With this information in hand, and courtesy of the Wikipedia entry for the "Karman vortex street" plus the parallel finding from another hail discussion thread that the terminal velocity of hail in m/s is approximately 90d^0.5, where d is the diameter in m, the following formula for the frequency of the vortex shedding is derived, said to hold true for 250 < R < 20000:
f = (90/d^0.5) * 0.198 * (1- (19.7/R))

The formula is rather insensitive to the Reynolds number R, and 20000 is reportedly characteristic of a thrown fastball, so I think we're basically ok there and didn't get into the weeds for these scratchpad calculations. For R = 20000, at d=.025 (approx. 1"), f=112Hz; d=.05 (approx. 2"), f = 80Hz; at d=0.1 (approx. 4"), f=56Hz.

In order for an audible low frequency roar to be produced I suggest that there must be a degree of coherence or resonance to the phenomenon rather than random noise production. Here's where it gets interesting (and more conjectural) IMO.... Falling hailstones are distributed randomly within the volume. If one considers the vortex street in the wake of a hailstone like a short dragged vibrating string, falling hailstones would not tend to have coherent wakes. However hail suspended in the updraft vault one suspects would assume more of a uniform distribution and remain proximate for a relatively long time within a limited volume -- conditions that would be more conducive for acoustic resonance.

A frequency of 60Hz equates to a wavelength of around 5m and an xyz separation of around 8.5m between stones. 80Hz is around 3.75m wavelength and 6.4m separation. 112Hz is around 2.7m and 4.5m separation. These values appear to be reasonable for real-world conditions.

So in conclusion the hypothesis is that occasionally the combination of hailstone size distribution, hailstone surface roughness characteristics, updraft persistence and configuration, and hail density promote constructive resonance of the vortex wakes. FWIW.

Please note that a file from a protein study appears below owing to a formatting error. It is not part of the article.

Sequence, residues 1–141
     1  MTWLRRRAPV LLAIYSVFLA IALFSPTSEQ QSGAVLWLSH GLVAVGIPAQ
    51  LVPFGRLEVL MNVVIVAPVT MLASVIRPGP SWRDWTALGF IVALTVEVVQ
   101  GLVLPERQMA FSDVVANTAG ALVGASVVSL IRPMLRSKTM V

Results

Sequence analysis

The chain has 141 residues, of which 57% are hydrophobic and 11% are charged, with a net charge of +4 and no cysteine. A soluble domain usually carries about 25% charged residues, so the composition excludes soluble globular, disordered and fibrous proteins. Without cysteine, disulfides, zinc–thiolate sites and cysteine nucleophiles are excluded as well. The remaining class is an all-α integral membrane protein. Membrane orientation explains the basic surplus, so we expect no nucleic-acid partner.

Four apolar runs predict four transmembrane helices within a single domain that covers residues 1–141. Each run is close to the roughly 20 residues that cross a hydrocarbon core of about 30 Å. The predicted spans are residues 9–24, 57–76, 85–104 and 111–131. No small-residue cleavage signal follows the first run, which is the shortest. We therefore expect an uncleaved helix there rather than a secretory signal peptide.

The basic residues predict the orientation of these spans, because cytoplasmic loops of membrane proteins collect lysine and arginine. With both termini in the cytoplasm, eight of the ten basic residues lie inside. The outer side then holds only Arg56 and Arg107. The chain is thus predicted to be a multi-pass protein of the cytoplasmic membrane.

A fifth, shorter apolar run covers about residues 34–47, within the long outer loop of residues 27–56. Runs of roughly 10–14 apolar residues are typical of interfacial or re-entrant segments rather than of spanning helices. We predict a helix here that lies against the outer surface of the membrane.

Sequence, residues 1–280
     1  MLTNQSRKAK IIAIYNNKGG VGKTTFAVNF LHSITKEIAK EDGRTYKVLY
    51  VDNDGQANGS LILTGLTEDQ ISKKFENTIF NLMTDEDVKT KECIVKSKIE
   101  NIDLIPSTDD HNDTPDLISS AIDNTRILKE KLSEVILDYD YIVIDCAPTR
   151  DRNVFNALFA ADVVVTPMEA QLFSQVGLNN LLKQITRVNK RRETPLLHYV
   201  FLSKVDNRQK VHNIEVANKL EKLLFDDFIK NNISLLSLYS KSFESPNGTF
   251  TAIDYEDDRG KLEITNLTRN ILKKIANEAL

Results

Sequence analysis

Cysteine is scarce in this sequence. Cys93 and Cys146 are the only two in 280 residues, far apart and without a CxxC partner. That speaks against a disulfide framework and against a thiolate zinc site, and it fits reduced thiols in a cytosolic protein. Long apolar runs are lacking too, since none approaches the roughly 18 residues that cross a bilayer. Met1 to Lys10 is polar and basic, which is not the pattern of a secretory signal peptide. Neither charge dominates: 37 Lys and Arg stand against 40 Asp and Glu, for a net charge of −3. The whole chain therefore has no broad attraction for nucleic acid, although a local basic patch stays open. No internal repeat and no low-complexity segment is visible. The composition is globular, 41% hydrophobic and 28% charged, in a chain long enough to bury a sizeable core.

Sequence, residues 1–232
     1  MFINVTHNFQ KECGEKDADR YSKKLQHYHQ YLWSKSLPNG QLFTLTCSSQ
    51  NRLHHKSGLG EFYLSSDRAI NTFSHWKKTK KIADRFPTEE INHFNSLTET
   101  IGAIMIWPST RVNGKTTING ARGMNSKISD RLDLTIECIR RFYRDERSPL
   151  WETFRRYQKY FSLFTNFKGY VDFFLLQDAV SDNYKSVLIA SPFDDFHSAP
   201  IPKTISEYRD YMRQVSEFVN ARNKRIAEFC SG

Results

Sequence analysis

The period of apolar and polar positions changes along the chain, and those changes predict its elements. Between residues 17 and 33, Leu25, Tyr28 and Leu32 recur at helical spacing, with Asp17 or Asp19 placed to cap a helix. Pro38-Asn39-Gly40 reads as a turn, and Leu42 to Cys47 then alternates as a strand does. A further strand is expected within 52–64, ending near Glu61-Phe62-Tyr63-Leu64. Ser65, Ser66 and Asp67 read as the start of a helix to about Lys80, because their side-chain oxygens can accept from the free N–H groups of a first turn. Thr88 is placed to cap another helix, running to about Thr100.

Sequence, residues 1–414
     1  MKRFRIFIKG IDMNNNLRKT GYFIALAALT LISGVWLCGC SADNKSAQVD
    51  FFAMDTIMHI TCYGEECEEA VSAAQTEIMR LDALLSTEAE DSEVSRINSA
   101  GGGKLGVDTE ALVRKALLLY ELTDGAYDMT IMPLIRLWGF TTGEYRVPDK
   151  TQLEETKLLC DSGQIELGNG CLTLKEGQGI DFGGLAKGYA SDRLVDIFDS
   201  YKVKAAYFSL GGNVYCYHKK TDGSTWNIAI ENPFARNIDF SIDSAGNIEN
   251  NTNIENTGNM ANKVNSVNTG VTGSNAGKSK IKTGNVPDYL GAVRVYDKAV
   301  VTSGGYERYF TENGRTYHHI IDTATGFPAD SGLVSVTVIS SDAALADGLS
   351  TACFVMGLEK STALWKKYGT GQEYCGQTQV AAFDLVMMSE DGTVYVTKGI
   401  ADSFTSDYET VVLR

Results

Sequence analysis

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Hail Roar. I've heard it perhaps 5 times in 25 years. I actually heard it again this June at the Nebraska / S. Dakota border. It was a tough little storm that was all by itself, with a cork-screwing and quickly shrinking updraft. The storm was non-tornadic, and very small in comparison to most storms that one would normally associate a roar with.
Now.....I've always wanted to ask this within StormTrack: Has anybody ever seen a storm "open up" (as in a mouth would open wide) and absolutely ROAR for a few seconds? What I'm describing is not associated with hail at all. I experienced this in Arizona, and it absolutely terrified me. It was definitely some type of exhale or expulsion....and it was extremely loud.
 
The sound that I've always identified had its source overhead, so it was not an interaction of hail and objects on the ground.

There are several good YouTube videos out there that appear to have good sounding hail roars. This is the best one I could find.

http://www.youtube.com/watch?v=qm7Pe1OjYCY

What is interesting is in the description they say that this was taken before a defined hail core was observed, so this goes along with Greg as the hail seems to be suspended aloft at this time. It also does sound like an airplane flying low to the ground as Jason mentions.

I think some of the guys that took this video are members so it would be interesting to hear their thoughts.
 
Umm, 60Hz has a much longer wavelength than 5 meters. Consider the ham '2 meter' band is 144 MHz and 6 meters is 50 MHz. I think you mean that 60 Hz is about 5000000 meters, or 5000 km.
 
Ummm, no, Andrew :). The speed of sound waves in the troposphere is 300m/s, more or less. You're thinkin' 'bout electromagnetic waves....